New beginnings please
SEACC and SEACC supporters, I have been critical of you in the past, and deservedly so, but I am asking kindly that we bury the hatchet. I would like you to rest on your laurels that this mine at Kensington will be the most regulated in the world.
Get permission to pan
Active mining claims such as Sandy Beach in Douglas, the rock dump, Lemon Creek or Thane Beach are not open to the public for panning. The removal of minerals or gold from active claims or patented land exposes the trespasser to criminal action including attempted and/or grand larceny.
Good luck, Gov. Palin
I was slightly embarrassed to say the least when I read the Sunday editorial in the Juneau Empire about Gov. Sarah Palin's resignation. I am not sure what Juneau the editor is living in, but it is for sure not the Juneau I grew up in. "Good luck to the Governor and her family" would have shown taste and a little bit of class.
'Google Jet' parked in Juneau
The "Google Jet" has added Juneau to the list of airports it has visited while jet-setting across the globe.
Dog days mean the flu for some Juneau pets
Juneau's dogs are passing around the flu. The sickness that started showing up in the city's four-legged population a few weeks ago first looked like the more common kennel cough but turned out to be canine influenza, the Gastineau Human Society learned form the Office of the State Veterinarian this weekend.
Photo: Icy dip
Jodi Mesdag, front, and Jaydelyn Roy jump out of an inflatable raft and hurry to get out of the glacial water at the Mendenhall Glacier Monday. A kettle pond that is not connected to the icy Mendenhall Lake heats up on warm days and is afavorite spot for locals to swim and sunbathe.
Would-be miners are anxious to begin work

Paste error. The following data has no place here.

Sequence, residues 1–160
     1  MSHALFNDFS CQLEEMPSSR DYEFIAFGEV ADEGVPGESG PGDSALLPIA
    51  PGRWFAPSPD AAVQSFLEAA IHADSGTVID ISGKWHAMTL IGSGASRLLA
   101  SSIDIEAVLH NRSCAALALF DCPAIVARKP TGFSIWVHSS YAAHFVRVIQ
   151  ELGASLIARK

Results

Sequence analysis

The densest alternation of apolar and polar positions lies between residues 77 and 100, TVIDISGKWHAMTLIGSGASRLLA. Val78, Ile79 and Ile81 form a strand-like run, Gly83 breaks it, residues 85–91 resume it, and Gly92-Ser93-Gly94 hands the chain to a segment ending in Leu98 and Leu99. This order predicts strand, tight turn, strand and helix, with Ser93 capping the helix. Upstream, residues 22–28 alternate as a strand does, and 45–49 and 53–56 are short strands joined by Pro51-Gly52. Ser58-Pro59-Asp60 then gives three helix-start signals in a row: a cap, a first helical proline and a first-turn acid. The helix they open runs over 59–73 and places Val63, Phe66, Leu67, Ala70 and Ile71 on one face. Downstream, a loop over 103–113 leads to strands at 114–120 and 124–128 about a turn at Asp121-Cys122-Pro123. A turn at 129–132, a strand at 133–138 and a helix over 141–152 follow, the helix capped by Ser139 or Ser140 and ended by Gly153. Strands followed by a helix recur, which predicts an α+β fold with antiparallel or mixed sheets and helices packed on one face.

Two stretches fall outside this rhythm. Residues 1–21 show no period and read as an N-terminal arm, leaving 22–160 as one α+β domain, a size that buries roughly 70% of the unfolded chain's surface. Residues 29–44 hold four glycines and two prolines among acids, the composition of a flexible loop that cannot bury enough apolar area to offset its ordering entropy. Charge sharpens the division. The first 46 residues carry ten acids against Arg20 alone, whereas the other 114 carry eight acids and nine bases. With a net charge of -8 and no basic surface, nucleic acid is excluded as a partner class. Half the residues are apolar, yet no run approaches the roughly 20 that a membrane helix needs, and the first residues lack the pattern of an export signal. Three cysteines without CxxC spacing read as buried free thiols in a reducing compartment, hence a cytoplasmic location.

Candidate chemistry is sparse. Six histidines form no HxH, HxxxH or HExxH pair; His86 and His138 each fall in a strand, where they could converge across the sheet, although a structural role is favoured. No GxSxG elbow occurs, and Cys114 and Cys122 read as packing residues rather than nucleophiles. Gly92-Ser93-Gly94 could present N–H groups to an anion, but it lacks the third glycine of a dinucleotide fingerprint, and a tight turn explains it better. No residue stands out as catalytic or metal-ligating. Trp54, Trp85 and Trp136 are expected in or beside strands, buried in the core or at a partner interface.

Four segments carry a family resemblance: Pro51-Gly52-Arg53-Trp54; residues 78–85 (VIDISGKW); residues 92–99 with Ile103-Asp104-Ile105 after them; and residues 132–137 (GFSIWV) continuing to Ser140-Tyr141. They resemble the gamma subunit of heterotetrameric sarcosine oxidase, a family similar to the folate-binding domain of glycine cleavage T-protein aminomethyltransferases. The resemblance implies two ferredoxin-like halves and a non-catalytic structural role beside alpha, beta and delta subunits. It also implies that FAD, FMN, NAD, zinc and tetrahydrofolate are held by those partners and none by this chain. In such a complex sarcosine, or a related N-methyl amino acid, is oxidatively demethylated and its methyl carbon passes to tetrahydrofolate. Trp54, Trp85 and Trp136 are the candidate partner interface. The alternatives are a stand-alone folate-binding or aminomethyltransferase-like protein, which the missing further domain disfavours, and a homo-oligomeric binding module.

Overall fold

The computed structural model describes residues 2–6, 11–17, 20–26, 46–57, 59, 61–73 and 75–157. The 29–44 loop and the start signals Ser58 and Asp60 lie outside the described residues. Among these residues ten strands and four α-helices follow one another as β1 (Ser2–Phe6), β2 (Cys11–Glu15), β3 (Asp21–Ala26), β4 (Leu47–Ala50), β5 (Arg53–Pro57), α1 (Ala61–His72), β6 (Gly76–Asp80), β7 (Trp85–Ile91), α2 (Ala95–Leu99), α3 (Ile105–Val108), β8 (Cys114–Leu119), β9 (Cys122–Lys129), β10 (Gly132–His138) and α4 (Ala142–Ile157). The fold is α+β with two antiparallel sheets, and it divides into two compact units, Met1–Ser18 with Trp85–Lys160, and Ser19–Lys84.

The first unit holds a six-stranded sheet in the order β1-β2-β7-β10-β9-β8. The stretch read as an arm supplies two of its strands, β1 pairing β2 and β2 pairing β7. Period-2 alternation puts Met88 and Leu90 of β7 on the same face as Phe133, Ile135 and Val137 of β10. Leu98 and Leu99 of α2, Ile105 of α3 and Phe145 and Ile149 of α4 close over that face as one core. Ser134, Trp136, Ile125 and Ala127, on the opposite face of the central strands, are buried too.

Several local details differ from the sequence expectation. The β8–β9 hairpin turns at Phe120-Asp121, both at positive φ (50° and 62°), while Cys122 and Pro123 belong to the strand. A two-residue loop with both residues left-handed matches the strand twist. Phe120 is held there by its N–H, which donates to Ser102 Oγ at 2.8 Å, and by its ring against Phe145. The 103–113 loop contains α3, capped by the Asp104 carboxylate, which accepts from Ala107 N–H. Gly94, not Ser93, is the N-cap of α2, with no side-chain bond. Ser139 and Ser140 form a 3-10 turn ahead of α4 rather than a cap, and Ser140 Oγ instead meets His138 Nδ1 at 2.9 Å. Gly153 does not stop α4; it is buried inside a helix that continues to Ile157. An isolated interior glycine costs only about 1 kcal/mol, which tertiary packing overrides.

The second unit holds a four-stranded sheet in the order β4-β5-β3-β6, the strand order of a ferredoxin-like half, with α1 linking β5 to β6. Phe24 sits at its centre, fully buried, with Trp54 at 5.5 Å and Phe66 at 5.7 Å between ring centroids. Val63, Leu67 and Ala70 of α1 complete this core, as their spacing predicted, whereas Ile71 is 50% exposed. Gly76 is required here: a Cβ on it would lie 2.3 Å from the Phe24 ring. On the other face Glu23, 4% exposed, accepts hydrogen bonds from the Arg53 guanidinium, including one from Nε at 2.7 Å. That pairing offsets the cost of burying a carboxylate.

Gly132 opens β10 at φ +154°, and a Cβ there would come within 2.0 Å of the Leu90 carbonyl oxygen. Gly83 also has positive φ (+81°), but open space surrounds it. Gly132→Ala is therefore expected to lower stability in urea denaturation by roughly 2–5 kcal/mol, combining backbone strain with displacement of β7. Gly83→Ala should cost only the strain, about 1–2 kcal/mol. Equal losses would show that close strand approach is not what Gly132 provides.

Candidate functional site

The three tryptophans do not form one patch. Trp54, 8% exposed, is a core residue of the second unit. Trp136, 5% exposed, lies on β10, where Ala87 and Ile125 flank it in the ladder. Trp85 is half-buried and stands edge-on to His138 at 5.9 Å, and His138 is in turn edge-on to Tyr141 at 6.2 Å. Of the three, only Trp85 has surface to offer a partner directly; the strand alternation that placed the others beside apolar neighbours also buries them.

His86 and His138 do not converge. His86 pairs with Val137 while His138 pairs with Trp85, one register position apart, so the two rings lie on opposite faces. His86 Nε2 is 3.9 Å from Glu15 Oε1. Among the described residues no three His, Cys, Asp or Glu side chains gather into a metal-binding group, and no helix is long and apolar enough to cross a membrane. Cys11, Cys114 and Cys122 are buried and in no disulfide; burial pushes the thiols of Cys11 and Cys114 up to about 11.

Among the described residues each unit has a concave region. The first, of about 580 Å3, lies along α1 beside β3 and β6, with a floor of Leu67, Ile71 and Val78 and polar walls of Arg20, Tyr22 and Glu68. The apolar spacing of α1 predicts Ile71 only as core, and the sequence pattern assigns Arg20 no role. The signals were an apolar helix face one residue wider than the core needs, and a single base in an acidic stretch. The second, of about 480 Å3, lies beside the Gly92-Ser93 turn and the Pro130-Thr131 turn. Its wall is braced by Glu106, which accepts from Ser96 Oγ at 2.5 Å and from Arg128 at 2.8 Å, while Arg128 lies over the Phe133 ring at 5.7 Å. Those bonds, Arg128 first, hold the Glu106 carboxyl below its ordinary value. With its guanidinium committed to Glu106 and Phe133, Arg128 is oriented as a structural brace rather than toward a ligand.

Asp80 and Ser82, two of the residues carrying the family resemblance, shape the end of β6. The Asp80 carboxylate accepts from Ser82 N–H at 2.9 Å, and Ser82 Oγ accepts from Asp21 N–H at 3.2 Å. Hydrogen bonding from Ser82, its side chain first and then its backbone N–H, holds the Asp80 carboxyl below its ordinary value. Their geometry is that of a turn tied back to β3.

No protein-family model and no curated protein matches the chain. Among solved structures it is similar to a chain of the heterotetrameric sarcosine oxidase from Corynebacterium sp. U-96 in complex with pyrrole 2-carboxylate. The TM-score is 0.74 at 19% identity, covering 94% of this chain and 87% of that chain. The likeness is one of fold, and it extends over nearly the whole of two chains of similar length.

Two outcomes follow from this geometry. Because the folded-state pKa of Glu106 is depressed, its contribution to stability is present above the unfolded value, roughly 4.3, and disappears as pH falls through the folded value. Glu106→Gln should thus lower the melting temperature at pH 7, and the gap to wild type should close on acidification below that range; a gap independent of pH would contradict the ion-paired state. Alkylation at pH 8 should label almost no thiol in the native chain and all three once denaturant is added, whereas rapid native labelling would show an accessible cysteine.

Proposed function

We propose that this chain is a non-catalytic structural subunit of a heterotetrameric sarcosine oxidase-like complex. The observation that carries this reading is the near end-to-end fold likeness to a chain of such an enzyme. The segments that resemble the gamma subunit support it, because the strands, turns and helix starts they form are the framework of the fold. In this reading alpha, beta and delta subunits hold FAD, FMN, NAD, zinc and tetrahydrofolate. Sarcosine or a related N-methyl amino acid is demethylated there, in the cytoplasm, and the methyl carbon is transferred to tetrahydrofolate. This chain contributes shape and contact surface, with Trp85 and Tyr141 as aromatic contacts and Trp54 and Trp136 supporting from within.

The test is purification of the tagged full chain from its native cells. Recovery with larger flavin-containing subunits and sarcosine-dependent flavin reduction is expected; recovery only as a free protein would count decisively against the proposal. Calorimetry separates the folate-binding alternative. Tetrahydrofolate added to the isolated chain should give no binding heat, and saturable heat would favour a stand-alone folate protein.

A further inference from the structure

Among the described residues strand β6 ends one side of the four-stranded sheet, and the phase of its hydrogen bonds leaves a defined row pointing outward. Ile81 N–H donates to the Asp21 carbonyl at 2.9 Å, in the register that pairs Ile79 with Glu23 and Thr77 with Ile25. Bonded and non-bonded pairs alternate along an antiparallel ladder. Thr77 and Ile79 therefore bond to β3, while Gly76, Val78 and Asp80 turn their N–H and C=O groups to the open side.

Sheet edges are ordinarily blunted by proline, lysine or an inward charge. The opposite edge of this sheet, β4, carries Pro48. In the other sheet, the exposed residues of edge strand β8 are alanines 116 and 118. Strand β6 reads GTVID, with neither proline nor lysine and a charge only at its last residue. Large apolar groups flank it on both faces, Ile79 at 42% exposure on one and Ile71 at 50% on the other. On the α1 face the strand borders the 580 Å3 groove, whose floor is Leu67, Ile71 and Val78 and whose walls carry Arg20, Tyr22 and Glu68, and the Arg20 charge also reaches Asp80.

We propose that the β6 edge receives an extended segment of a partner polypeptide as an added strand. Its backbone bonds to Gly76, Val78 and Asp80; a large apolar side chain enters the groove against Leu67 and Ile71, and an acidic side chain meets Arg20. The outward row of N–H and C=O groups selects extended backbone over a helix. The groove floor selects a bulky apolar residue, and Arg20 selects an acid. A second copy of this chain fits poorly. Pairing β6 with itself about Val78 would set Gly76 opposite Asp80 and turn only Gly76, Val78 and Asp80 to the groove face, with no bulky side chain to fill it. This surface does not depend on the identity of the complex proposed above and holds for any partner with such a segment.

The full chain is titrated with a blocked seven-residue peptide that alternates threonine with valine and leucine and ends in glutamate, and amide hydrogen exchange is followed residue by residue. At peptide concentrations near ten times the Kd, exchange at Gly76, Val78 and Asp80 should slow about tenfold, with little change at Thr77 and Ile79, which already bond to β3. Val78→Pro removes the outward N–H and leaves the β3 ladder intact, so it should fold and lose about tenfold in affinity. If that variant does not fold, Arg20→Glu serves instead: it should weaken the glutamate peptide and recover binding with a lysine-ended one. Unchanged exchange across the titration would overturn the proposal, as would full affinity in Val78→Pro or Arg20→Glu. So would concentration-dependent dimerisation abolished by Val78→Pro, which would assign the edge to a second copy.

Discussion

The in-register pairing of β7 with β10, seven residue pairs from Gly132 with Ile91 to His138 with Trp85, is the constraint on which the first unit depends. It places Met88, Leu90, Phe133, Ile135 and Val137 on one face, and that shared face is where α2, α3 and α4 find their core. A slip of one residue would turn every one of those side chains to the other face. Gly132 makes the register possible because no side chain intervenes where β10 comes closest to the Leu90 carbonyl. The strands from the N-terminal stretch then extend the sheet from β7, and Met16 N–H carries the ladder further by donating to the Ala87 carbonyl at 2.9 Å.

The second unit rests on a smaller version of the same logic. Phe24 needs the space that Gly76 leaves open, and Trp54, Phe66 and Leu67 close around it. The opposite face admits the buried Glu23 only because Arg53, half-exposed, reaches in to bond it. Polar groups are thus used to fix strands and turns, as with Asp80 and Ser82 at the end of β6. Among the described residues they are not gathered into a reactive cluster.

Coeur Alaska Inc. posted ads for four jobs Monday. But many more in Southeast Alaska, including former employees who were laid off, are hoping for a chance to work there.
Photo: Music while you walk
Jacob Sanders plays his violin on South Franklin Street Monday for tourists walking by. Sanders said he is trying to make money to buy a truck and is a couple thousand away from his goal. He also works as a kayak guide.
Mine opening won't fix city budget crisis
The pending opening of Kensington mine will positively impact the city's projected budget deficit but "certainly won't fix the woes," city Finance Director Craig Duncan said Tuesday.
Photo: Up the ladder
Spawning chum salmon swim up the 450-foot fish ladder Tuesday at the Macaulay Salmon Hatchery. According to the hatchery, the spawning male chum's strongly developed teeth, resembling canine fangs, give it its nickname, "dog salmon."
Today, July 7
Photo: A little off the top
Paul Duran, assistant chief of engineers at DIPAC, trims the hedges alongside the road Tuesday. He said that he enjoys working outside on these sunny days and that he's glad to make the area look better for others who live here and visit.